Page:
We know how tough it is when you are looking for a job. Everyone you know is probably giving you advice about what to do. And they are also probably confusing you with conflicting ideas.
They certainly mean well. But they do not necessarily know what they are talking about when it comes to resumes or job interviews. The vast majority of us never handle job applications, review resumes or interview people. We also haven’t needed to send out our resume in a long time.
So if you are going to ask family and friends for help, stick to people who actually wok in recruitment and human resources. For now, however, Jewish Business News can offer you these 5 tips on issues like the resume and the job interview.
(You can also see our “5 Job Searching Tips for the Covid Era“)
Make sure that your resume stands out. But don’t make it flashy. If you ask five professionals how you should update your CV, you will get five different answers. So there really is no one right way to make up a resume.
But there are certainly wrong ways. Make absolutely sure that there are no typos or spelling mistakes. Do not ever lie or exaggerate. It’s too easy to get found out. Don’t have any big time gaps. If you were sick, went back to school, or were a home maker for a period of time make sure to point this out.
Only list serious job experiences. Don’t list twenty different short term jobs which you had over the years. Don’t list things that you did back in high school or personal likes and hobbies. This is not a college application.
Try having several different resumes, with each one stressing a different skill or job experience. Use the appropriate one for the job which you apply to.
Be prepared! Do your homework and learn all about the job, the company and whatever is going on in its field. Be assertive, but not aggressive. Learn to read the room and to look for social clues from the interviewer’s body language.
Never try to seem like you know it all already, that you know better than the interviewer or the people at the company about their own work. Show that you do know what is going on in the field and offer examples of what you would do as an employee to improve the firm. But don’t ever criticize what they are already doing.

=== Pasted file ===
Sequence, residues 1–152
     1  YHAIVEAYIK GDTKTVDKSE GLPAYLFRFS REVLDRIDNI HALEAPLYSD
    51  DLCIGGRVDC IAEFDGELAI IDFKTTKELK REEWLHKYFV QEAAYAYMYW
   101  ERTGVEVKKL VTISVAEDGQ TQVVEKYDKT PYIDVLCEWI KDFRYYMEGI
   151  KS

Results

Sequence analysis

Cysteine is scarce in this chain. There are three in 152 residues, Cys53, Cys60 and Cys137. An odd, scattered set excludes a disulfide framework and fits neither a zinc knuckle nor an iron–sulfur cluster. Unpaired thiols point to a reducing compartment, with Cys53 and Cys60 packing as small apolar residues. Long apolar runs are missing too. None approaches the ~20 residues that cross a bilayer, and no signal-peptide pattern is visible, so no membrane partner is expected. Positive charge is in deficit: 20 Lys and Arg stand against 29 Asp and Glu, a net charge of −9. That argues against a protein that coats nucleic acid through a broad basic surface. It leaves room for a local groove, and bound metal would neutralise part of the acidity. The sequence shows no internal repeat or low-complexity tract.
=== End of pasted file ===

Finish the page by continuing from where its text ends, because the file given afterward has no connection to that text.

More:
When they ask about you they are not looking for your life story or what you do in you spare time. They want to hear about what kind of person you are and how that will help the company.
Don’t be bothered when they ask you about things which are on your resume. The interviewer may not have had time to go over every detail of every resume. Sometimes only the gatekeeper reviews the resumes and the manager doing the interview expects that only qualified candidates have even gotten to that stage. Sometimes they just want to hear these things from the applicant’s mouth to see what kind of person you are.
Most importantly, however, do not come off as being frantic for a job. They know that it’s a buyer’s market out there for companies hiring new staff because of the Coronavirus crisis. They know that many people who come in are desperate. But if you are. Do not ever show it.
They might feel bad for your situation, but they will also be put off by your attitude. You have to make them feel like they need you – specifically you – and never that they are doing you a favor or an act of charity by hiring you.
Let the person speak. Do not interrupt! Don’t just passively sit there and stare at them, however. Do interact. If they leave an opening for you to speak, do so. But do not segue.
When speaking, try to control your own body language. If the interviewer looks like they want to interrupt, let them.
Ask About the Job
Be sure to always ask about what you will be expected to do for the company. Yes you should know ahead of time what the position is. But you should also show that you are curious, excited about working for the company and that you really want to learn more.
Ask about the specifics like what software will you be using. What kind of database do they use? Who would you be working with? What is the breakdown of a given work day as far as what share of your time will be devoted to which task.
Thank You Note
This may sound like an obvious, no brainer kind of thing to do. But many people feel that sending a thank you note is a step too far. They say that it may come off as too needy or too desperate for the job, or even just plain silly.
Most people agree, however, that at the very least you have nothing to lose by sending such a note. There are few if any managers who will actually be put off by this. Most will probably never see it, or really be swayed by it when deciding between equally qualified candidates.
But there will always be people out there who do expect a thank you note and won’t consider a person who does not send one. They might see such an applicant as rude or ungrateful.
As far as the note itself, keep it short and simple. Just a few lines are necessary. Don’t try to be flattering. Just say thank you and mention something about how you were impressed with the company and would be excited about working there.